AUTO WRITERS can be like children, cackling and arguing over the silliest things.

Consider the Cadillac Allante' commotion.

One group, the Europhiles, sniffs that this expensive offering from General Motors is not fancy or fast enough to run with upper- series Mercedes-Benz, Porsche or BMW cars. These mostly born-in-the-USA, went-to-Europe-on-a-junket writers feel compelled to compare all vehicles to what they drove through the Black Forest.

Then, of course, there are the America-Firsters. To them, the Allante' is not really American. The car's body is designed and built by Pininfarina in Italy, after all. Besides, with its 170-hp engine, the Allante' can't outrun a U.S.-made Corvette, right?

All of this goofiness misses the point. Most people don't buy ultra-luxury cars to drive 'em full-tilt-boogie. Who wants to explain a 115-mph, joy-toy crash to an insurer? Indeed, after such a smash-up, who'd be able to explain anything?

And forget the "I-bought-it-for-the-quality" junk, and its equally ridiculous counterpart: "I bought it for the resale value." Superior automotive quality -- reliability, durability and serviceability -- can be had at far less than the cost of most luxury cars, foreign or domestic.

Resale value? Any first-year business student knows you don't "invest" big bucks in a machine that sucks air, burns fuel, vibrates, and rolls over hostile roads on a regular basis.

You buy a car like the Allante' because it makes you feel good all over, because it does wonders for your ego and libido. You buy it for the Lust Factor, folks. Think of it this way: It beats the heck out of analysis.

Complaint: The price. Unjustified, as it tends to be for nearly all luxury cars sold in this country.

Praise: 'Tis an automotive jewel, a simply elegant machine. From its Cogolo leather interior to its silver metallic body, the 1988 test Allante', driven on roads outside Montreal, is a work of art.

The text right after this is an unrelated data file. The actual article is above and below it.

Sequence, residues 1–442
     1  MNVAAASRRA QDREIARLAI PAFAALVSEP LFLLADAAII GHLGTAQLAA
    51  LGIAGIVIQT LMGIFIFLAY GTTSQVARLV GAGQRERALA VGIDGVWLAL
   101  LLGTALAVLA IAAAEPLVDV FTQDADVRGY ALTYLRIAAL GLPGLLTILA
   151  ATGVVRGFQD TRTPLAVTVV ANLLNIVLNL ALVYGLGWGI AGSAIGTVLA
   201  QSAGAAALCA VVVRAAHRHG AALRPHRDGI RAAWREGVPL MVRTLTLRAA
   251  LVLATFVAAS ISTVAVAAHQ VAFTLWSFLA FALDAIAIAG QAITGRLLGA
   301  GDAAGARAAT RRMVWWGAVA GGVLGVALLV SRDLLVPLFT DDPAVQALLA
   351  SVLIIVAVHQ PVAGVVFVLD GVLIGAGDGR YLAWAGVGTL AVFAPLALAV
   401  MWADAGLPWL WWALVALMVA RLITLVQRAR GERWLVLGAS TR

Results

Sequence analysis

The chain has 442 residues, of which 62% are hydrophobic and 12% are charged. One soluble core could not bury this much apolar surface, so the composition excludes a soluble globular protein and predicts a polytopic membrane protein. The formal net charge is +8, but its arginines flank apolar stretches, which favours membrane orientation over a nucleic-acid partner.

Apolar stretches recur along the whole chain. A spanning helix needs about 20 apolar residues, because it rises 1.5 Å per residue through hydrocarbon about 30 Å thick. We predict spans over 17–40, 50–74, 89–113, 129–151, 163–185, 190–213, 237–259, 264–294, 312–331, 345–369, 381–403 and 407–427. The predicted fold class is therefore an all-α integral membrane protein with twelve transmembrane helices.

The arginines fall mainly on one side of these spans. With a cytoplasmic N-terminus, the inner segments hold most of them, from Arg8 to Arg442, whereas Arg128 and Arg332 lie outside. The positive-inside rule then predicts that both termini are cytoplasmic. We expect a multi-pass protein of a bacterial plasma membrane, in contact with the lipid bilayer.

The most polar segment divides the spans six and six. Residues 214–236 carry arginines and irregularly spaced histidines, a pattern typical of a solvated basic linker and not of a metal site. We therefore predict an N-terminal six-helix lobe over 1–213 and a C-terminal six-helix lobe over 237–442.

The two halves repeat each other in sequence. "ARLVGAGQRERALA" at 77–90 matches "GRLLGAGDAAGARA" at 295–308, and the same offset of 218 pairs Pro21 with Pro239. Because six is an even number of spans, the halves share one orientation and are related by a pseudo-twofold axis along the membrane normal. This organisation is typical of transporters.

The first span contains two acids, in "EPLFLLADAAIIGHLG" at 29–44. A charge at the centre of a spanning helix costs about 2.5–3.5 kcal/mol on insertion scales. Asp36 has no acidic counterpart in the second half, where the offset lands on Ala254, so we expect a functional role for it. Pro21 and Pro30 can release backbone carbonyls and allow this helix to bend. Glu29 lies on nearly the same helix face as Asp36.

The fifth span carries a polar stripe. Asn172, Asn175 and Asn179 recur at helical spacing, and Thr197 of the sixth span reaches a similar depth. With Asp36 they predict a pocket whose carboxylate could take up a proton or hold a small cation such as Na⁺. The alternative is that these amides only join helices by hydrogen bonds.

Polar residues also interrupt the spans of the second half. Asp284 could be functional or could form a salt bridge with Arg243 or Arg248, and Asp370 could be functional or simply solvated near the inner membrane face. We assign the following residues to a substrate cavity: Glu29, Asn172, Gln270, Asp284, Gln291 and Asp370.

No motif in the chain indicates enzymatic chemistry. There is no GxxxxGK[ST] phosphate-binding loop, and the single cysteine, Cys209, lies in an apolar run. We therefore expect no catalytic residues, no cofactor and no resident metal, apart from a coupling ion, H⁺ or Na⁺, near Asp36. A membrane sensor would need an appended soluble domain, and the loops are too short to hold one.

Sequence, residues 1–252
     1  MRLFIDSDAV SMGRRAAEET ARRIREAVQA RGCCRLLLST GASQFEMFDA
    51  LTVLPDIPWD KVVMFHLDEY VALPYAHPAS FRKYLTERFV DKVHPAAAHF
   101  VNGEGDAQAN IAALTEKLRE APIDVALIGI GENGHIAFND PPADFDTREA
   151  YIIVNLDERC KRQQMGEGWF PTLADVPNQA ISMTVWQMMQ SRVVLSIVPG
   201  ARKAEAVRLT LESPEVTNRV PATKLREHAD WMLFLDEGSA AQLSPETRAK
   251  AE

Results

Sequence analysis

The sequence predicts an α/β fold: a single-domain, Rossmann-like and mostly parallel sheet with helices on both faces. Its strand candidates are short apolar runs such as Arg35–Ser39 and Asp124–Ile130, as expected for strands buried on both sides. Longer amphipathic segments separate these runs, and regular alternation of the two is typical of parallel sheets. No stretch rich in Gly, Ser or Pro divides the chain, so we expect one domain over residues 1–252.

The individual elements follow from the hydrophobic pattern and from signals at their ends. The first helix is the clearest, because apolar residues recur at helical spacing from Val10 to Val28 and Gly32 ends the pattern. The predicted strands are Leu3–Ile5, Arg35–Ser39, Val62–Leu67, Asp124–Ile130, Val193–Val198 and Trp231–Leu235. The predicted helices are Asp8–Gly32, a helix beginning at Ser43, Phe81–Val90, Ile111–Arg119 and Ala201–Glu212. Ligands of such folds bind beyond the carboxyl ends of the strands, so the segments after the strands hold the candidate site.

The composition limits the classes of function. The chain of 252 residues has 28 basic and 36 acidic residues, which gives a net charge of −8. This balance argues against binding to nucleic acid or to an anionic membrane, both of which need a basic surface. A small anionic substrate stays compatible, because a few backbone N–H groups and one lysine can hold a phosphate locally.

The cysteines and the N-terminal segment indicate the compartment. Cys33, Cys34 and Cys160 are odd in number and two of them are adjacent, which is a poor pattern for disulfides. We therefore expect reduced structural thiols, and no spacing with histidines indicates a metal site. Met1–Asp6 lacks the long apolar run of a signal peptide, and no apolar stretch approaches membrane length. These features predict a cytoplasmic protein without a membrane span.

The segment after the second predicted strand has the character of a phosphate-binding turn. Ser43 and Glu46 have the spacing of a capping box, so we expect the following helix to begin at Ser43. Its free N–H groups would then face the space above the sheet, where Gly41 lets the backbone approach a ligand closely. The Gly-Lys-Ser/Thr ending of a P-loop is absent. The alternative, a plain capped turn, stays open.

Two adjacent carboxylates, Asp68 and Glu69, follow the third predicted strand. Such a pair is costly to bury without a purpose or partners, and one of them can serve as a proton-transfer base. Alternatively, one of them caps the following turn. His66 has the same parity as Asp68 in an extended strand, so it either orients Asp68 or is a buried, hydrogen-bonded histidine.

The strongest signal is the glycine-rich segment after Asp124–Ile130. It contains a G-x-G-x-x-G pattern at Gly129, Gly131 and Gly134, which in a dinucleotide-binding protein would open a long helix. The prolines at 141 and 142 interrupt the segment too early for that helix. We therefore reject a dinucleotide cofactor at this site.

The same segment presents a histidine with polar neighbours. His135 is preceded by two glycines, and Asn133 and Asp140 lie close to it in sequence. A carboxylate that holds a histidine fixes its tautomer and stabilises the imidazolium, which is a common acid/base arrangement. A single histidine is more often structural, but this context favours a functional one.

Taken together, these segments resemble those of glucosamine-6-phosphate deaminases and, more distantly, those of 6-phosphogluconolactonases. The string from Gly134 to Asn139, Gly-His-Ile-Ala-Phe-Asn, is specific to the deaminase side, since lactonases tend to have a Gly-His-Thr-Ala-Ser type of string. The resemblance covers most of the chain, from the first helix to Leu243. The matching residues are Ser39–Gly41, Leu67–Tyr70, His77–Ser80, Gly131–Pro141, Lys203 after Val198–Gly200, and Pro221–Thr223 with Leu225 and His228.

The car is all the more remarkable because it's a front-wheel-drive convertible, a type not especially known for handling excellence or body integrity. But the Allante' shows supreme grace in movement and style -- so quiet, so smooth. The chassis obviously is put together right: The thing doesn't shake and shimmy on bumpy roads.

Head-turning-quotient: Total knockout, world-class beauty.

Acceleration: Doesn't match good muscle cars in zero-to-sixty times. But who gives a pa-hooty? What matters is how well the car moves in traffic, how well it accelerates, say, during high-speed lane changes. The Allante's 4.1-liter, fuel-injected V-8 does quite well, thank you. It develops 170 hp at 4,300 rpm, which means, in terms of speed, a driver can be as big a fool in this car as he can in a more powerful machine.

Sound system: Electronic AM/FM stereo radio and cassette, by Delco/Bose. Superb.

Finer points: Despite its eloquent hedonism, the Allante' has features that speak to the practical soul. To wit: an excellent, third-generation Bosch anti-lock braking system, a generous use of two-sided galvanized steel to control body rust, a well-designed, easy-to-read instrument panel, and 10-way-adjustable Recaro seats that comfort the body without putting the driver to sleep.

Mileage: About 23 to the gallon (22-gallon tank, estimated 500-mile range on usable volume), running driver only, mostly highway, with top down.

Price: $54,700. Only available option is a cellular telephone. Nothing "base" about this one. Estimated dealer invoice is $45,948. A very nice car, but, at the stated selling price, not that nice.

Warren Brown covers the auto industry for The Washington Post.